Wednesday, 1 January 2020

Still Scratching the Surface of Christianity

It is a new year, 2020. Yet whatever is going on inside me in this moment has its origins in all my pasts, and its fulfillment will be in all my futures. What is happening is part of a process of becoming or indeed many processes, perhaps. It does not restrict itself to a timeline defined by numbers, but only by changes in awareness, and those changes, that movement, is vital.
          Of late, I have been increasingly drawn to the study of the Nag Hammadi scriptures, and through that towards a renewed interest in orthodox, Christian scriptures. The distinction between the two sets of writings is blurring and beginning to fade. And this is right and appropriate. Perhaps and finally, I am beginning to scratch significantly, the surface of real Christianity. (Ref. my blog post of 27.4.2013, "L'Abbaye de Boquen.") Again, I find myself needing to write to clarify my thoughts, and to answer some impulse within me. It seems to offer me no rest, yet I feel that I am the least able person to express something that seems to be so far beyond me and my abilities to express what I might understand. However, I must at least try.
          I will begin with the Gospel of Philip, for no other reason than that it insists on drawing my attention to itself. So:-

The Gospel of Philip (Coptic Text: NHC II,3: 51,29 - 86,19)

In the introductory remarks of this gnostic gospel the authour of "Lost Scriptures", Bart D. Ehrman, points out certain emphases in contrast such as those who can understand and those who cannot; between knowledge that is exoteric (available to all) and that which is esoteric (available only to insiders); between the immature outsiders (regular Christians, symbolically called "Hebrews") and the mature insiders (Gnostics, symbolically called "Gentiles").
          Those who do not understand, the outsiders with only exoteric knowledge, err in many of their judgements -- for example, in taking such notions as the virgin birth or the resurrection of Jesus as literal statements of historical fact, rather than symbolic expressions of deeper truths.
          The first question that arises for me, and one to which I need give answer, concerns my place on the spectrum of exoteric/esoteric knowledge. That will begin to be addressed in my next post.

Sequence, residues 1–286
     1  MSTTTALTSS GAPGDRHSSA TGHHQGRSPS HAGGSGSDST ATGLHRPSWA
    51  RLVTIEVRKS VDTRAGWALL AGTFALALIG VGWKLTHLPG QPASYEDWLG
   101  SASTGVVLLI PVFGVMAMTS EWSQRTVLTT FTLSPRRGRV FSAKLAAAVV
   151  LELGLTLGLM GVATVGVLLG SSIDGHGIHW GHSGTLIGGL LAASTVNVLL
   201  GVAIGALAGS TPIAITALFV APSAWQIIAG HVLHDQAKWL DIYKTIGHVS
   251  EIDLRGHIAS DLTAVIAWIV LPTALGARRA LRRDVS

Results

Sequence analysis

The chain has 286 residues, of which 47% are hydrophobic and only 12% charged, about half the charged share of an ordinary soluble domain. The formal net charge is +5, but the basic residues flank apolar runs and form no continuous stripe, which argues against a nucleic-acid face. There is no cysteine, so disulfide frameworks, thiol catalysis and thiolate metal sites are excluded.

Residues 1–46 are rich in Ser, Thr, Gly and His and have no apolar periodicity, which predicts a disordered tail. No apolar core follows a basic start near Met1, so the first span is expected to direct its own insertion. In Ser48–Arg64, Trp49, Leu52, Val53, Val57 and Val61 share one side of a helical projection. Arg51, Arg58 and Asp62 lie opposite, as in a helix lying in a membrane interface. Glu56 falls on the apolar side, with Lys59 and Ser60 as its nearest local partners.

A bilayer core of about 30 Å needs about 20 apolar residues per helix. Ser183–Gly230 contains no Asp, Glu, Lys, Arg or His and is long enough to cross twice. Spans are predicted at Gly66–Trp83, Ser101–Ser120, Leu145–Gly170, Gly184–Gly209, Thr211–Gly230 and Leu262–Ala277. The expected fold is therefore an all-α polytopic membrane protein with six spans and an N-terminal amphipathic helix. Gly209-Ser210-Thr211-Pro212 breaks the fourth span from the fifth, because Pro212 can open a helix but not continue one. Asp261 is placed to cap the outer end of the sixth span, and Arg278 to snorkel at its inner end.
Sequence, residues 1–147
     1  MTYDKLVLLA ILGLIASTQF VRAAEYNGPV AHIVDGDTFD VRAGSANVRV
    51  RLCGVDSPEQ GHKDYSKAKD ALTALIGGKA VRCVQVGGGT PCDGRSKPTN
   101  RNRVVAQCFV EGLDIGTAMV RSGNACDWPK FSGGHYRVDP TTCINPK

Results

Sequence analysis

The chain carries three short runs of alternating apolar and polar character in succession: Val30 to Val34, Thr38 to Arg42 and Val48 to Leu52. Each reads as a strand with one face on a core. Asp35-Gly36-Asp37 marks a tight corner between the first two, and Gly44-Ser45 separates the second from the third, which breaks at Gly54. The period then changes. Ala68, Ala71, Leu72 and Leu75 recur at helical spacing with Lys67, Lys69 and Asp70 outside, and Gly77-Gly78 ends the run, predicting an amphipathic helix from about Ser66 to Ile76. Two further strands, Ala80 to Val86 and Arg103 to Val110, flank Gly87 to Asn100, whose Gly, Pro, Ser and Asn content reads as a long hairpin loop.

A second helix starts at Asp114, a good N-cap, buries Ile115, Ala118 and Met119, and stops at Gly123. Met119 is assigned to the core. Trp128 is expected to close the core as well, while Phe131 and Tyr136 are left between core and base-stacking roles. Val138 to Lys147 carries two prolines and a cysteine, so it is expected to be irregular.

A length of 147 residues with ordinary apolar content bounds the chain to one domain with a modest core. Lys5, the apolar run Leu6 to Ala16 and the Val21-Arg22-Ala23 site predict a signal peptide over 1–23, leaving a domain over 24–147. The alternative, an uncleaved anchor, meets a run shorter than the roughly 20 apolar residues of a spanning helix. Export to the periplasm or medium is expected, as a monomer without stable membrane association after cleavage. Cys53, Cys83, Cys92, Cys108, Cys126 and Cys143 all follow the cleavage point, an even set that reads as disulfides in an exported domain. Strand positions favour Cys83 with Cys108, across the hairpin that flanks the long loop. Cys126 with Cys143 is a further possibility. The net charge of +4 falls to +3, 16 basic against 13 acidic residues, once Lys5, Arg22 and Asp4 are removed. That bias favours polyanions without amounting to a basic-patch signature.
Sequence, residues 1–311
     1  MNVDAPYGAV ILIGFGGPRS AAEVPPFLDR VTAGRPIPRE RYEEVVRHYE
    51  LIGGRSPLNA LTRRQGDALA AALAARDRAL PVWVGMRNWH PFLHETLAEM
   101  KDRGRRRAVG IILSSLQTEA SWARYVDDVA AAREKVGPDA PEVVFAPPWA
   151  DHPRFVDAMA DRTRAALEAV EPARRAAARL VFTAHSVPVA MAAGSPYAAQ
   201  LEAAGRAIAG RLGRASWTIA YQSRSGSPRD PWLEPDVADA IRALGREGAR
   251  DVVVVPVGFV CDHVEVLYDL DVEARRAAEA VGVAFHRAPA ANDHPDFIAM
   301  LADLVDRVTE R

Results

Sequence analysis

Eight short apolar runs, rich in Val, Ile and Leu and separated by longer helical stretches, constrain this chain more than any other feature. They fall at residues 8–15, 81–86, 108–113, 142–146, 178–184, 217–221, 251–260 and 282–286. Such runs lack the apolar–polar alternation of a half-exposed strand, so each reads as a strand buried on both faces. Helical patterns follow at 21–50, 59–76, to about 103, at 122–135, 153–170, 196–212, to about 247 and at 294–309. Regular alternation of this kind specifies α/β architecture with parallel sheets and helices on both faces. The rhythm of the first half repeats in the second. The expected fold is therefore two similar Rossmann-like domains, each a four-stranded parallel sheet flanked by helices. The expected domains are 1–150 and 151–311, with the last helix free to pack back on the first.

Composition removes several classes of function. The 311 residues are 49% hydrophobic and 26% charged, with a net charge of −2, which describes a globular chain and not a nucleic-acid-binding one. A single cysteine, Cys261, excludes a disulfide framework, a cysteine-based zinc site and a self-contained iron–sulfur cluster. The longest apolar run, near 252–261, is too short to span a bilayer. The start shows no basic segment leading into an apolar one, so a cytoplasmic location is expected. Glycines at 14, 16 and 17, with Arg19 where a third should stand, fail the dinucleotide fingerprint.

1. I haven't looked at the book in a good while now but Stephen Hoeller's Gnosticism - Ancient Tradition of Inner Knowing provided a fascinating introduction to the history of the Gnostics.

    Happy New Year, Tom, to you and yours.

    1. Hello Susan. How lovely to meet up with you again. :) I too have read that book, and quite recently. I agree with your assessment.

  2. Hi Tom,
    A welcome return in the New Year to see you posting again. There was certainly a lot more diversity in early Christianity circa the 3rd century than exists today. Even so, as you would be no doubt aware, the oldest gospel of Mark makes no mention of a virgin birth or to the events post Christ’s death as per the other Synoptics. Bart D. Ehrman, is an excellent scholar, but he has moved from agnostic to atheist as he struggles to continue to believe when faced with the reality of suffering, like many.
    Whilst I hasten to add I am no expert on the gnostic tradition I don’t see where they differ markedly with the orthodox texts except in evoking different myths or allegories emergent of that culture then. But to me they remain essentially Jewish to ultimately all go back to their OT roots.
    Best wishes

    1. One aspect of gnostic belief systems which I find particularly satisfying is that for all the efforts of Bishop Irenaeus and like-minded Church Fathers, they could never eradicate gnostic writing from the orthodox church except by eradicating the New Testament entirely, and maybe large sections of the Old Testament as well.

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